Author + information
- Martin Brueck, MD⁎ ()
- ↵⁎Department of Cardiology, Clinic of Wetzlar, Forsthausstrasse 1, 35578 Wetzlar, Germany
We appreciate the interesting remarks of Dr. Pawlowski and colleagues regarding our report (1). We agree that the quality of the needle, guidewire, and sheath in radial artery cannulation is crucial. In particular, the wire should be both soft enough to cross any loops and stiff enough to straighten the vessel. The radial artery never forgets a failed puncture attempt, and therefore, the first radial attempt is the most important one.
The authors consider the Allen's test as clinically useless in everyday practice on the basis of reduced specificity. We excluded 347 of 2,316 screened patients from enrollment in the study, due to pathologic Allen's test. Data on patients undergoing transradial cardiac catheterization in spite of a pathologic Allen's test are not available to our knowledge, and such a study would be unethical and unjustifiable, especially under forensic aspects—thinking of the risk of losing just 1 hand. From the authors' view, as stated in the article, a transradial approach for cardiac catheterization should be avoided in the presence of an abnormal Allen's test unless the risk of using the transfemoral access is exceedingly increased.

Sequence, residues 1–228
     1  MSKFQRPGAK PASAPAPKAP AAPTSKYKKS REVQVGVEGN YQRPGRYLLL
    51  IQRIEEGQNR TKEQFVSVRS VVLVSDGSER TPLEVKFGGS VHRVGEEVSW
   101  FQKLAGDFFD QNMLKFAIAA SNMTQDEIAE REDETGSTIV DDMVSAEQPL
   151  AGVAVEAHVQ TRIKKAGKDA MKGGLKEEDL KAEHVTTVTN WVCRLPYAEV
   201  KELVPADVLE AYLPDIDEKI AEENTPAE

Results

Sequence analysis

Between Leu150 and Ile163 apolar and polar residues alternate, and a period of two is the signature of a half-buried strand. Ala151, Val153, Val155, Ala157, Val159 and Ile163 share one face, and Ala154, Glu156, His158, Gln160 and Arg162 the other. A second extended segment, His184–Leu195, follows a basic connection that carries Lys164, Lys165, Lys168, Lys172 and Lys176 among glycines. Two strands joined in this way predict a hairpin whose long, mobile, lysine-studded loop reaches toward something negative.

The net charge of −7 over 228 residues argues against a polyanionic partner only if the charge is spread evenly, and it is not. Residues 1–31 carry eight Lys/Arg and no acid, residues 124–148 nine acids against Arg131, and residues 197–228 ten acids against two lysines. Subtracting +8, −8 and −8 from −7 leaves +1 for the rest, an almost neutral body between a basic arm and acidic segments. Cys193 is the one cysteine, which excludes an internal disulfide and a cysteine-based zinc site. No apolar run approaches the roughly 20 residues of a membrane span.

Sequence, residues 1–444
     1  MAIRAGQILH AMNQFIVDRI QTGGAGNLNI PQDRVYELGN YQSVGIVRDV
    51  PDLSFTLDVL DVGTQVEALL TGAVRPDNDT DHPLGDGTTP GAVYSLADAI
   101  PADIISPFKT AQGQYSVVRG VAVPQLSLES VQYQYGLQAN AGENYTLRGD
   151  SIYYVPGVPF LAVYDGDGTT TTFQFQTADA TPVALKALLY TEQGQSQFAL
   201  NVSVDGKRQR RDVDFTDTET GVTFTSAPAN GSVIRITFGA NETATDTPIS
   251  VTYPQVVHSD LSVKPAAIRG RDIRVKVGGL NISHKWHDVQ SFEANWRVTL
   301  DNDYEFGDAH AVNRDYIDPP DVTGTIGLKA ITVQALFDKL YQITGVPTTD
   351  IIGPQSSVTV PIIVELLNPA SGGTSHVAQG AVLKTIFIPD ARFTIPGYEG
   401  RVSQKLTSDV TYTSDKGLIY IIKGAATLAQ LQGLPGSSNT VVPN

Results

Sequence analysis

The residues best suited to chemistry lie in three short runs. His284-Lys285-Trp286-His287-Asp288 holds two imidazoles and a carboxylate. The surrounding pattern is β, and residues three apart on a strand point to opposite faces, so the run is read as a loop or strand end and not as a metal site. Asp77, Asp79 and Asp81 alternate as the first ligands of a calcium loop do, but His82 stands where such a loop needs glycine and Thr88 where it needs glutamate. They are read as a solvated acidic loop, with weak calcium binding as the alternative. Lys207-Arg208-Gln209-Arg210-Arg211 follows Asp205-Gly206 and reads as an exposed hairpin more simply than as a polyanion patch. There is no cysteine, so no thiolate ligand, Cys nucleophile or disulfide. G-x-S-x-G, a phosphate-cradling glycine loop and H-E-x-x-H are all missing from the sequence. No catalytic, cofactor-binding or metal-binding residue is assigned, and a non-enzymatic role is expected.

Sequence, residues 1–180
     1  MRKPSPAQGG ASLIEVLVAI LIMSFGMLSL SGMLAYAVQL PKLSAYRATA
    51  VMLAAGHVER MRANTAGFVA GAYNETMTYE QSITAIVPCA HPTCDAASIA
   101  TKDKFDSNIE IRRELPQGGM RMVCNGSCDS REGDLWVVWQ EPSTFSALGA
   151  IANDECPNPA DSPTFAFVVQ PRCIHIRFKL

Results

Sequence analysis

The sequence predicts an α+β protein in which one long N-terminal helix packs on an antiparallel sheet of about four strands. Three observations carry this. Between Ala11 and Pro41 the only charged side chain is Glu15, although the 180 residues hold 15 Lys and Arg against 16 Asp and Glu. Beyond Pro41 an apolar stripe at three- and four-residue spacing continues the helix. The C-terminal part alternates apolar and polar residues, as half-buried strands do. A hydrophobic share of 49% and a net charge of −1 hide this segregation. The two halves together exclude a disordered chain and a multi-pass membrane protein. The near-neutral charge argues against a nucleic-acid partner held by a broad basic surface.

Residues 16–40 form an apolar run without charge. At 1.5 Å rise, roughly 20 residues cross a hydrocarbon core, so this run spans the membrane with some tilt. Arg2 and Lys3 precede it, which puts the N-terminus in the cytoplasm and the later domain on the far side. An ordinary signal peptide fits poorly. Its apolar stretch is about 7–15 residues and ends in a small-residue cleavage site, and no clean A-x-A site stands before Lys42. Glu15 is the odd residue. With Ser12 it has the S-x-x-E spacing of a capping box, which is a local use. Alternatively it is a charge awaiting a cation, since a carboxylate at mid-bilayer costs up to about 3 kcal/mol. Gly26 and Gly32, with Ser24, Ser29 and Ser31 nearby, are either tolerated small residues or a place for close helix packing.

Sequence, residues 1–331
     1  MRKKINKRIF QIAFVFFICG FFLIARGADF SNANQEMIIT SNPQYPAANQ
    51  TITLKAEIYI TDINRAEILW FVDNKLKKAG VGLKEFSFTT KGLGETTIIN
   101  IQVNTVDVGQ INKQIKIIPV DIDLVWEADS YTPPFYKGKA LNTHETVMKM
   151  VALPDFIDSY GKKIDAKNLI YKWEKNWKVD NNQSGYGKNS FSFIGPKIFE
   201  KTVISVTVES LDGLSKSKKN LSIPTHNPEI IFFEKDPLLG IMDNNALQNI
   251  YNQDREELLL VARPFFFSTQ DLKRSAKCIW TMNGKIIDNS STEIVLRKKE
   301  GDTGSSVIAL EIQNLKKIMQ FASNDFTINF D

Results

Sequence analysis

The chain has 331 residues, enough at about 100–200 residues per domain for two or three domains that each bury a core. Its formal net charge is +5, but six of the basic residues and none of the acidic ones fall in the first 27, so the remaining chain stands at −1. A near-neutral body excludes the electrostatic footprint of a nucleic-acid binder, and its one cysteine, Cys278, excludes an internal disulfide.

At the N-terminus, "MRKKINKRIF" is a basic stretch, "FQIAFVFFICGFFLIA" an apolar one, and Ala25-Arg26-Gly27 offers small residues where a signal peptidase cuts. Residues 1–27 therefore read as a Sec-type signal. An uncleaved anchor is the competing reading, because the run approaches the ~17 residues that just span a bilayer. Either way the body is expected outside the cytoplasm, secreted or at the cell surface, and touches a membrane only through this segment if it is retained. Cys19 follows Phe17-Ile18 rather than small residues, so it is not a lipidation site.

Undoubtedly, the use of arterial puncture closure devices (APCD) generates more costs. In addition, ongoing data have raised concerns about the safety of APCD. A recent meta-analysis of 30 randomized trials has shown not only marginal evidence of effectiveness but also a possibly increased risk of hematoma and pseudoaneurysm (2). Due to these evolving data and the paucity of properly designed studies, the safety and efficacy of APCD must be pursued further. This meta-analysis highlights again the single greatest advantage of the radial approach—reduced vascular access complications.
- American College of Cardiology Foundation